Let’s start by trying to keep clear two different concepts. First of all, the Bible teaches that it is not anything that we “do” which saves us, but what we believe in respect to Jesus Christ. This believing in Jesus as our Personal Savior is what initiates or starts a personal relationship with God.
I would see outline the plan of salvation which I use constantly in witnessing as the following:
I. Recognition that you are a sinner.
II. Repentance from your sins (abandonment to turn to the will of God).
III. Faith in Jesus Christ.
IV. Public Confession of Jesus as your Savior.
Here I would subdivide III. Faith in Jesus Christ as follows:
1. Salvation is by grace and mercy, not of works, and it is obtained through the means of faith in Jesus Christ.
2. Belief that Jesus is the only Savior.
3. Belief that Jesus died on the cross to pay your sins.
4. Belief that Jesus is God incarnate.
Let me defend IV. Public Confession for a minute. God does not save if you are not willing to publicly acknowledge Christ as the hope of your salvation. I deal with this more in Identification with Christ.
Let’s get this straight before there are accusations that I am teaching a works salvation. I am not. Faith must have or produce works, or that faith is fraudulent.
John 15:1-2 I am the true vine, and my Father is the husbandman. 2 Every branch in me that beareth not fruit he taketh away: and every branch that beareth fruit, he purgeth it, that it may bring forth more fruit.
John 15:4-6 Abide in me, and I in you. As the branch cannot bear fruit of itself, except it abide in the vine; no more can ye, except ye abide in me. 5 I am the vine, ye are the branches: He that abideth in me, and I in him, the same bringeth forth much fruit: for without me ye can do nothing. 6 If a man abide not in me, he is cast forth as a branch, and is withered; and men gather them, and cast them into the fire, and they are burned.
Again a very difficult passage, but the gist of this passage is simply that if you are “in Christ” or “abiding in Christ”, then you will produce spiritual fruit (evidence) of this abiding or being in Christ (being part of the spiritual body of Christ). The ideas of purging, and being cast into the fire so that they are burned are obvious allusions to hell punishment.
How do you understand this principle? I understand this principle that all true faith will always, 100% of the time, produce evidence or fruit that is quantifiable (fruit, beareth not fruit, more fruit, much fruit).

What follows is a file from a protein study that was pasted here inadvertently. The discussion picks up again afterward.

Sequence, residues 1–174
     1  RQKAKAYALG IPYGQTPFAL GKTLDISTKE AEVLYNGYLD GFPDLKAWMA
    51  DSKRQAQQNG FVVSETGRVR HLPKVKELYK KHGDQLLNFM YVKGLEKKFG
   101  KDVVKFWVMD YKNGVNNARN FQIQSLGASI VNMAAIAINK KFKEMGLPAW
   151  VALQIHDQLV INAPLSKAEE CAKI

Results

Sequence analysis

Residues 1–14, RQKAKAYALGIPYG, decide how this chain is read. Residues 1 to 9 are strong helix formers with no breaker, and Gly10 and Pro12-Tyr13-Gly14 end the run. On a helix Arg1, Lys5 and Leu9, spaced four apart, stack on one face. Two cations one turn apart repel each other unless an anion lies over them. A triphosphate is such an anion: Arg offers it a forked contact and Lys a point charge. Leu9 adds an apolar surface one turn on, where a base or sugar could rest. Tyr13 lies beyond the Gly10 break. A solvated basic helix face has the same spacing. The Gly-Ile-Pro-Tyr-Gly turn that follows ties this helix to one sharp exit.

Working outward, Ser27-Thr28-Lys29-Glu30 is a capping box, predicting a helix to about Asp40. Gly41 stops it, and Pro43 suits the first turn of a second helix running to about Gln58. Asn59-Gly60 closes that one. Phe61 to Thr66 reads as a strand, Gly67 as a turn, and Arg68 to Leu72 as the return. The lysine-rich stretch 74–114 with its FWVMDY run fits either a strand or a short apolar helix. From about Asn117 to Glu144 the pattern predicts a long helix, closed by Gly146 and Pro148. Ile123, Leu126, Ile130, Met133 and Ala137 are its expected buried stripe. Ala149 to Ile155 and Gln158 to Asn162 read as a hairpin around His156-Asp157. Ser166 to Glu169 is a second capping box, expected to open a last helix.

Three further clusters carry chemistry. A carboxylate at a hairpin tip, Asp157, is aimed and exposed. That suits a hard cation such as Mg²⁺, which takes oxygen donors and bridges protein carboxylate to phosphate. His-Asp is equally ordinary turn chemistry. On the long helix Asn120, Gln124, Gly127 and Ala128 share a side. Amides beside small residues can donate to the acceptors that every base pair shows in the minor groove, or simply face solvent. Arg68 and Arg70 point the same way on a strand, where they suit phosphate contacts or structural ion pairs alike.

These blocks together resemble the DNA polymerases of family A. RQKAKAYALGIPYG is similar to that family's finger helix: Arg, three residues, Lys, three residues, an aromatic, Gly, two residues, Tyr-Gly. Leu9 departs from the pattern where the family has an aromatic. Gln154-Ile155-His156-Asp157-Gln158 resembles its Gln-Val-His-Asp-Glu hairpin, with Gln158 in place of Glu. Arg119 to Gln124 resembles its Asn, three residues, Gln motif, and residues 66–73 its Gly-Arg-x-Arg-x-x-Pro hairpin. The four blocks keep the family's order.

There is an error in Christianity which is an over reaction against groups that teach works salvation. They take the “no works in order to be saved” (which is biblical) to say that works are not important ever. Our salvation begins at some point, but it continues after we are saved. Once saved, works are very essential and integral to our salvation, and are very much commanded and sought after by God. The key here is that works before salvation is not a means of getting saved, but works after salvation is a key byproduct of salvation.
Salvation depends on faith not election
I know that this statement will probably bring the ire of many a Calvinist down on me, but the truth is the truth. Calvinism is a great bane on Christianity, and it is rank heresy. Calvinism in its most developed form takes away all participation of the human individual. A general overview of the Bible finds hundreds of interactions between man and God, in which God exhorts, pleads, commands, etc human beings to repent of their sins and believe in Jesus into order to be saved.
Calvinism teaches “total depravity” which is not really total depravity at all, but total inability, a totally different concept. Man is sinful, and there is not anything “good” (of moral worth and value before God). This is a true Bible teaching. But this is not the same as that a man has no participation in salvation which is where advanced Calvinism takes all who would walk with it.
The Bible places salvation squarely at the individual’s feet. If he will respond to God’s call, he would be saved. The decision is left to the individual. God provides salvation, but the individual has to respond of his own desire, or there will be no salvation.